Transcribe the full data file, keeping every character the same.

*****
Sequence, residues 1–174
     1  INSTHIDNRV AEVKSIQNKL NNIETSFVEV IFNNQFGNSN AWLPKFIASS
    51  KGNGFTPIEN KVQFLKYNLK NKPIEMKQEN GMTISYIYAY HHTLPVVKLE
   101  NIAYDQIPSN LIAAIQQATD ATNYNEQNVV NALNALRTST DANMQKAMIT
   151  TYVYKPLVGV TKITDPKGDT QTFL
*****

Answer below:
Sequence, residues 1–174
     1  INSTHIDNRV AEVKSIQNKL NNIETSFVEV IFNNQFGNSN AWLPKFIASS
    51  KGNGFTPIEN KVQFLKYNLK NKPIEMKQEN GMTISYIYAY HHTLPVVKLE
   101  NIAYDQIPSN LIAAIQQATD ATNYNEQNVV NALNALRTST DANMQKAMIT
   151  TYVYKPLVGV TKITDPKGDT QTFL